As of this writing, a transgender high schooler suing for bathroom access is on his way to the Supreme Court, and Twitter hashtags like #illgowithyou have made for highly visible allyship. Although modern social media makes it easier to both amplify and attack student effort, we still aren’t going to hear about the vast majority of their work: mentorship and solidarity, like victimization, are often quiet and deeply personal.

It’s inspiring to see how far we’ve come, but for my generation it’s been hard not to grieve for the childhoods we could have had. If I’d been born 10 years later, we catch ourselves speculating… Maybe I would have figured myself out earlier. Maybe I wouldn’t have suffered as much; maybe I could have dated in high school; maybe I could have convinced my parents to get me on puberty blockers before my growth spurt. And so on. After my first NYC Pride, even as I ranted about the hypocrisy of banks and police marching in the parade, I was crying uncontrollably into my tingly beef noodles over what it would have meant to me as a teenager.

Today it’s almost impossible to live in the kind of ignorance we were born into. If you live in a city, you can probably find an in-person queer community. If you have access to the right parts of the internet, you can find an imperfect but robust intra-community conversation no matter where you live.

If all you have is the news, it’s scary and demeaning, but still much more informative than it used to be. The barriers to self-knowledge — geography, education, privacy, technology, stigma—are more manageable all the time.

Then again, some things haven’t changed enough. My high school’s GSA still has to account for conservative reactionaries and preempt concerned parents. In a video made only three years ago, members of the club recited an extremely thorough disclaimer into the camera: “Day of Silence is not gay. Day of Silence is not about politics. It doesn’t mean that you support gay marriage, and it doesn’t mean that you are gay, lesbian, bisexual, or transgender.”

Meanwhile, I may have left town, but the only boy I ever personally reported for harassment on Day of Silence (striding through the halls bellowing “You’re all going to Hell!”), is still there. I’ve known him since kindergarten. He’s a police officer now.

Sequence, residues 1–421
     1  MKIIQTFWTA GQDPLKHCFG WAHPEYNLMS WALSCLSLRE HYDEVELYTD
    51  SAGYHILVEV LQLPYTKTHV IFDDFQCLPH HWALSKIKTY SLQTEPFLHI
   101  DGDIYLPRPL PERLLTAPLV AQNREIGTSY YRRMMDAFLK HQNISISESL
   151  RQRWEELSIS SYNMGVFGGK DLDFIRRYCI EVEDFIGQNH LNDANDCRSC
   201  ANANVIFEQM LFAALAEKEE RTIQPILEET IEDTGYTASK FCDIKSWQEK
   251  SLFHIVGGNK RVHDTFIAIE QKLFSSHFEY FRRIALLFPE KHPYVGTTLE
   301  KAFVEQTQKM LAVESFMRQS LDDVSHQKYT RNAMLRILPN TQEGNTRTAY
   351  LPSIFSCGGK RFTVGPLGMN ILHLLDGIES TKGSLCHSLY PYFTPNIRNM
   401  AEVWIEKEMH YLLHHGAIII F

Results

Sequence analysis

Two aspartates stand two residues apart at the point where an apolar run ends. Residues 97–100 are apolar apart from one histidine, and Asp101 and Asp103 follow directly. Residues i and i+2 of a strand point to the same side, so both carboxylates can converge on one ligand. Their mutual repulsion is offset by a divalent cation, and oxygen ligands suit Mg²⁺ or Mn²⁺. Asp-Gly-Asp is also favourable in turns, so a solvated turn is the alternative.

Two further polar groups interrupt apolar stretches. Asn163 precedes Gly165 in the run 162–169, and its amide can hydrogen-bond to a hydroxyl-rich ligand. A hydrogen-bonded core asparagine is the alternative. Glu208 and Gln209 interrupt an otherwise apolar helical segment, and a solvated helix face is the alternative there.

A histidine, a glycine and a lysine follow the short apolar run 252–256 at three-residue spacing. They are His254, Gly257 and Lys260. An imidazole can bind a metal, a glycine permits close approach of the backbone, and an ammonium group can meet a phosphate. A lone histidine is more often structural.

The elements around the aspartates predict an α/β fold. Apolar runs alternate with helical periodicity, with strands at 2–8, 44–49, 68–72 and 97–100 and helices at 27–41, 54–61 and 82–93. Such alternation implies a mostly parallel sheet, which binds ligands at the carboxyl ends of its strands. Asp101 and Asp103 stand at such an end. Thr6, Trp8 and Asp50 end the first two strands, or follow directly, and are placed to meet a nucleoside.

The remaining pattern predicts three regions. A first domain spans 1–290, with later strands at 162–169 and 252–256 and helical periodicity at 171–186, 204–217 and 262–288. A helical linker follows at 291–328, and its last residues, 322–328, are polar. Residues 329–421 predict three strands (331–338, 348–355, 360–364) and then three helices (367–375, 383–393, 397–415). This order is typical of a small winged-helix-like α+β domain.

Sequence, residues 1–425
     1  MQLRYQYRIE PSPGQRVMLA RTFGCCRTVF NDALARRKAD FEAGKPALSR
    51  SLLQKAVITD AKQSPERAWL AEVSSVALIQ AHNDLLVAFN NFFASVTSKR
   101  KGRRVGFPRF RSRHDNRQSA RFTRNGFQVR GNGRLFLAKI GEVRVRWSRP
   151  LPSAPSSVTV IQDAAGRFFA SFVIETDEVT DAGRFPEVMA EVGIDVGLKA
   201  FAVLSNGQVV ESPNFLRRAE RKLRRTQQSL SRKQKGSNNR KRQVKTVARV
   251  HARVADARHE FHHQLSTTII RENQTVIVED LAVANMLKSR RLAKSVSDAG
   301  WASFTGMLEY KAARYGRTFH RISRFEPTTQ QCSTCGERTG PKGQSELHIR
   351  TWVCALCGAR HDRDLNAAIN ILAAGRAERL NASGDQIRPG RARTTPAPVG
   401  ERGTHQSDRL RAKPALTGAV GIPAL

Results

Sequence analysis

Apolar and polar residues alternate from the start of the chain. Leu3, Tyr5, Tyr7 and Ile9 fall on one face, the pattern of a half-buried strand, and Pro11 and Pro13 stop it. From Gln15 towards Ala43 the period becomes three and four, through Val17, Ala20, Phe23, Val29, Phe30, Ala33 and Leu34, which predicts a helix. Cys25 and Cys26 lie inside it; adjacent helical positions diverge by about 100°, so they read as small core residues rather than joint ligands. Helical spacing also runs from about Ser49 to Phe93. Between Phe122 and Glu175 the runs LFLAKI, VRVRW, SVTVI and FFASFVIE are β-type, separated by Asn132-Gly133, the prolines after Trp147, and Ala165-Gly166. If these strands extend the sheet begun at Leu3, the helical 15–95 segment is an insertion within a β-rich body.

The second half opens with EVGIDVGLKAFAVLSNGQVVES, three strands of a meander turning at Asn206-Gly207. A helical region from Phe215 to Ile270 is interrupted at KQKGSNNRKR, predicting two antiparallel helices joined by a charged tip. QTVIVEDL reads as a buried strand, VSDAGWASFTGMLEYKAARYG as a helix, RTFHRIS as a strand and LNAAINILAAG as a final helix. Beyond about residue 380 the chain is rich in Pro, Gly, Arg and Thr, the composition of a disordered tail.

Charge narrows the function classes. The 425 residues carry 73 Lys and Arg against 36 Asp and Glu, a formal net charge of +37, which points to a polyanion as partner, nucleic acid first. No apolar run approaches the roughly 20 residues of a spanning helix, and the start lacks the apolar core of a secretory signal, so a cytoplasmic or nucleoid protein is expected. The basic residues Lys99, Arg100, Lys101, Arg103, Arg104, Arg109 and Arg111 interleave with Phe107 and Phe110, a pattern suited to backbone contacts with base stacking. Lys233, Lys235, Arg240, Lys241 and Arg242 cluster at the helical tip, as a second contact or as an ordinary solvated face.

This election season has been hard on everyone in my little diaspora. Every echo of the chauvinist climate of our adolescence has us panicking, terrified we’re going to lose any growth we’ve made in the last decade — as a politicized community, but also as individuals who remember being isolated, uncertain, and afraid. Strange children. For us, the two are bound up almost too closely to separate.

Logically, I know that kind of progress can’t be so easily undone. I’m sure this cultural ebb and flow is typical. I’m sure we’re just young. This is nothing compared to what our elders have seen. I just hope by the time we’re elders ourselves, our own experiences will seem just as extreme, and just as destined for victory.

Note: this piece was written during the rhetorical hellscape leading up to the 2016 general election. Despite the results, and amidst the protracted battle for North Carolina’s governorship, I still believe everything I’ve written here. Whatever’s coming, things will never go back to the way they were. That’s both a warning and a promise. Please stay safe.

March 07, 2017

Reblogged from: See the site for videos of Joshua Goyne.

FEBRUARY 22, 2017

Joshua Goyne competing at a rodeo. Picture: Facebook

Joshua Goyne competing at a rodeo. Picture: Facebook

A TEENAGE farmer from regional NSW has spoken out after he received death threats online including one that stated it would be good if he’d died from AIDS.

Joshua Goyne, who is 18 and lives in the Central Coast, claims online trolls vilified him because of his sexuality in an attempt to discourage him from taking part in the rodeos he regularly competes in.

“Today I was asked if I thought it was good that gays died of AIDS, and then the guy said he wished it was 1850 so he could shoot me for being a fag,” Mr Goyne said in a video he posted to Facebook following the threats.

The bigoted abuse comes as homophobia is back in the spotlight following the unfurling of a banner depicting a sex act at a Sydney soccer match last weekend.

Sydney’s gay football team has told that are demanding the sport ban fans found peddling homophobic abuse.

The annual Sydney Gay and Lesbian Mardi Gras parade is due to be held in 10 days’ time.
Openly gay Mr Goyne, a competitive rodeo rider, is a well-known advocate for LGBTI rights in rural Australia and has a Facebook page called ‘The Gay Cowboy’.

In a video posted to the page earlier this week, Mr Goyne said he had received multiple bigoted messages via online forums catering to the rodeo circuit.

“Someone compared Myxomatosis in rabbits with AIDS in gay people” he told “Rural Australia has a terrible problem with homophobia, and it needs to stop.”